Oscar J. Case, Appellant, v. Sherman H. Crouse, Warden, Kansas State Penitentiary, Lansing, Kansas, Appellee, 376 F.2d 586 (10th Cir. 1967)Annotate this Case
Rehearing Denied June 5, 1967
John H. Fields, Kansas City, Kan., for appellant.
Jon K. Sargent, Asst. Atty. Gen. (Robert C. Londerholm, Atty. Gen., and Daniel D. Metz, Asst. Atty. Gen., on the brief), for appellee.
Before MURRAH, Chief Judge, HILL, Circuit Judge, and EUBANKS, District Judge.
HILL, Circuit Judge.
Appellant appeals from an order denying habeas corpus relief without an evidentiary hearing.
Case is a state prisoner presently serving several sentences imposed upon him in the state court, all after pleas of guilty. On May 24, 1963, he entered a plea of guilty in the District Court of Mitchell County, Kansas, for the crime of second degree forgery and, at that time, made an oral application for probation. The sentencing judge, pursuant to a Kansas statute,1 deferred sentencing in the case and referred the defendant to the Kansas Reception and Diagnostic Center for examination, evaluation and the making of a report back to the court. On September 12, 1963, Case appeared again before the sentencing court, probation was denied and he was sentenced to the Kansas State Penitentiary for a term of not less than ten years. Upon this sentence, the court gave him credit for all of the time spent in jail and in the Kansas Reception and Diagnostic Center or a total of 148 days. Thereafter on September 27, 1963, Case again appeared in the same court and entered a plea of guilty to charges of (1) escape from custody, (2) larceny of an automobile, (3) felonious assault, and (4) robbery in the first degree. These charges all resulted from a jail break and escape by appellant on September 17, while he was still confined in the Mitchell County Jail, awaiting transportation to the state penitentiary. Again Case entered a plea of guilty to all of these charges and received four additional sentences, all of which were adjudged to run concurrently with each other but consecutively with the sentence previously imposed in the forgery case.
Appellant exhausted his available state remedies2 and thereafter filed a petition for a writ of habeas corpus in the United States District Court for the District of Kansas.
Appellant complains about the delay between his plea of guilty and pronouncement of sentence in his first case. The procedural facts completely answer this point. Most of the delay was occasioned by his confinement in the Diagnostic Center for examination and evalution following his application for parole. In addition, the sentencing judge took the lapse of time complained of into consideration when sentence was pronounced and gave Case a credit of 148 days upon the sentence. Certainly no prejudice would be shown because of the delay.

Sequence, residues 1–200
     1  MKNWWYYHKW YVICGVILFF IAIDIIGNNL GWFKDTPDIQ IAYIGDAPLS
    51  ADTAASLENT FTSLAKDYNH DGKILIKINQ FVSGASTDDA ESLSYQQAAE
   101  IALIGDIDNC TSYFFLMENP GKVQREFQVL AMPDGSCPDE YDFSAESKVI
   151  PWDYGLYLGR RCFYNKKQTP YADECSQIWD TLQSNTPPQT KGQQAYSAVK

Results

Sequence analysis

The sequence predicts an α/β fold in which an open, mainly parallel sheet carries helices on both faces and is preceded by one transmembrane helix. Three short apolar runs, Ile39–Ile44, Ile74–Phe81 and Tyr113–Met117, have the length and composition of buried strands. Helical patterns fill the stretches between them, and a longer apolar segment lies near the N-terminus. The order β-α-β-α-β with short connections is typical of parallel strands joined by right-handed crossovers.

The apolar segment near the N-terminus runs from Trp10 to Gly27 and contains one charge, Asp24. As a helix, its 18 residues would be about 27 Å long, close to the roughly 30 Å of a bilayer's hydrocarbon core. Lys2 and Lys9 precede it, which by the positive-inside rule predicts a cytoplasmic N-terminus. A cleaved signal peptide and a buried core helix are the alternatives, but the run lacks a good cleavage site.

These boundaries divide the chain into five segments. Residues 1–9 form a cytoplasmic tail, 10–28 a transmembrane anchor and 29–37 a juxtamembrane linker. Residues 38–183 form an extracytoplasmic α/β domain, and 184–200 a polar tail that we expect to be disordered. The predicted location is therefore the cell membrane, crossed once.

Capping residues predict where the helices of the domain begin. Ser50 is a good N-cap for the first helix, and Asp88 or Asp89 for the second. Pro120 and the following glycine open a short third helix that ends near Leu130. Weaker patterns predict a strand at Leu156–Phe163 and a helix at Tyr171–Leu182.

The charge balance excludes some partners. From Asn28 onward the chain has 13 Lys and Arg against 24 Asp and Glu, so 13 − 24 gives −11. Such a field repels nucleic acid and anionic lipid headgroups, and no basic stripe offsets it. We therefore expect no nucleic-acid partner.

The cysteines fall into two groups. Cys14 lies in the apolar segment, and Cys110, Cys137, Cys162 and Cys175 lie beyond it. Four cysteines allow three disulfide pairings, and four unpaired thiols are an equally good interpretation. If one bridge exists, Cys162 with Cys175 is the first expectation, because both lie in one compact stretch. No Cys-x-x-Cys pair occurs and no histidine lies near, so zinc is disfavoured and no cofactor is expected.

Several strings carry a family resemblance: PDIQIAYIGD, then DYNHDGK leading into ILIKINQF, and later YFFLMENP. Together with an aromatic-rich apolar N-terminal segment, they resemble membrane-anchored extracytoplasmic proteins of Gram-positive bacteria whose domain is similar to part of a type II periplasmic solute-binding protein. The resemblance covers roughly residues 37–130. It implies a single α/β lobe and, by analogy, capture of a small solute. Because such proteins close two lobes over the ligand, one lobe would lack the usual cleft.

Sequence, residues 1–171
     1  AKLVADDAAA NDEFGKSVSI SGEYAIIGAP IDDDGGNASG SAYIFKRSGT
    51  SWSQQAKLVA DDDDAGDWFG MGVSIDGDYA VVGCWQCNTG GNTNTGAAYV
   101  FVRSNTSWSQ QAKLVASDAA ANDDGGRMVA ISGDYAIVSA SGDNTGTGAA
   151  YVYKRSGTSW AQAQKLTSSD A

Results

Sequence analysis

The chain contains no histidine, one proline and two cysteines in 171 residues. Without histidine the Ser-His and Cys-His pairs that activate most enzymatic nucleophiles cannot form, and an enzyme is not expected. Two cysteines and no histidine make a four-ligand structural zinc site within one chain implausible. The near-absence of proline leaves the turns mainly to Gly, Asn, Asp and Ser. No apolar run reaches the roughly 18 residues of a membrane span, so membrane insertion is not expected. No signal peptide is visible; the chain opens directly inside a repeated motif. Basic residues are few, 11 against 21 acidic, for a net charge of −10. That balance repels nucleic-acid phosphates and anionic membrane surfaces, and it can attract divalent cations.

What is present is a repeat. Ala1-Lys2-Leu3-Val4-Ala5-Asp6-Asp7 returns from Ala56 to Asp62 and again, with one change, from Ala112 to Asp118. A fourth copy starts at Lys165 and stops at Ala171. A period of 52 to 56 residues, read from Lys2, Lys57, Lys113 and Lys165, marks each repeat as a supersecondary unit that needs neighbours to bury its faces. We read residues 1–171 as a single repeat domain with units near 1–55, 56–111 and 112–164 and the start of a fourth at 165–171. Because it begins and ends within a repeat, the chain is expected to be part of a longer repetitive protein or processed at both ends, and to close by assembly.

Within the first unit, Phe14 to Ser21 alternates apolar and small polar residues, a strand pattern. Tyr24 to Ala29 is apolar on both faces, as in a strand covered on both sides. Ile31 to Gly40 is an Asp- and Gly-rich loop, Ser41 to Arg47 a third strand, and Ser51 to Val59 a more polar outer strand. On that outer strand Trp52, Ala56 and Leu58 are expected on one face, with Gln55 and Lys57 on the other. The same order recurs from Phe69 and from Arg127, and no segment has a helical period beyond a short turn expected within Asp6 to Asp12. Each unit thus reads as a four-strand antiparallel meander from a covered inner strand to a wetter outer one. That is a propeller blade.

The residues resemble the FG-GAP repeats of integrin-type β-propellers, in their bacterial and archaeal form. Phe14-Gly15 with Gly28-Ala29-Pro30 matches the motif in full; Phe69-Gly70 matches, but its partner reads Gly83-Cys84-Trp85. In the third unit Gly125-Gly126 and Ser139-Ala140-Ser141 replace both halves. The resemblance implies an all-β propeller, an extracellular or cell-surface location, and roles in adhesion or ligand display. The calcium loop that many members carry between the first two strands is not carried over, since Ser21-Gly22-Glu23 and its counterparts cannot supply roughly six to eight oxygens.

Appellant also complains about the inadequacy of counsel appointed by the state court to represent him. On this point the petition alleges "Counsel did not represent petitioner fairly nor without conflict of interest, but was prejudiced and alien to his client." It also recites "Counsel without asking his client or being asked by the court voluntarily destroyed petitioner's right to fair representation * * * by reading to the court a rap sheet and had prior thereto stated he would not represent except on a guilty plea * * *." The petition also refers to failure of counsel to point out to the court an error in the date of sentence in the first case but the record clearly refutes this claim of error.
As pointed out in appellee's brief, the claim of inadequate and ineffective counsel is being asserted with increasing frequency. In Townsend v. Sain, 372 U.S. 293, 83 S. Ct. 745, 9 L. Ed. 2d 770, the Supreme Court recognized this situation and placed upon the trial judge the responsibility of carefully reviewing all such claims before granting or denying an evidentiary hearing. In Martinez v. United States, 10 Cir., 344 F.2d 325, and Stephens v. United States, 10 Cir., 246 F.2d 607, this court pointed out that in a collateral attack upon a judgment in a criminal case the prisoner must allege some factual basis for the relief sought.3 The trial judge here viewed the files and records before him and concluded that the hearing requirements of Townsend v. Sain, 372 U.S. 293, 83 S. Ct. 745, 9 L. Ed. 2d 770, were not present and that an evidentiary hearing was not necessary. We agree.
Disregarding the factual conclusions alleged by Case, the facts alleged by him, if true, would not establish his right to be released. He entered pleas of guilty in both cases and does not now claim those pleas were other than voluntary. In neither case was the regular applicable statutory sentence enlarged by the use of the sentencing provisions of the Kansas Habitual Criminal Act, K.S.A. 21-107(a). His plea for probation in the first case was clearly given consideration by the court because he was sent to the Diagnostic Center for evaluation prior to pronouncement of sentence.
We must conclude that, under all of the admitted facts and circumstances, Case fared exceptionally well before the bar of the court. We can think of nothing his appointed counsel could have done to produce a better sentencing result.
Motion to vacate sentence was filed in the State District Court pursuant to K.S.A. 60-1507, which was denied, and an appeal was taken to the Supreme Court of Kansas from such denial. That court affirmed the sentencing court in Case v. State, 196 Kan. 446, 411 P.2d 402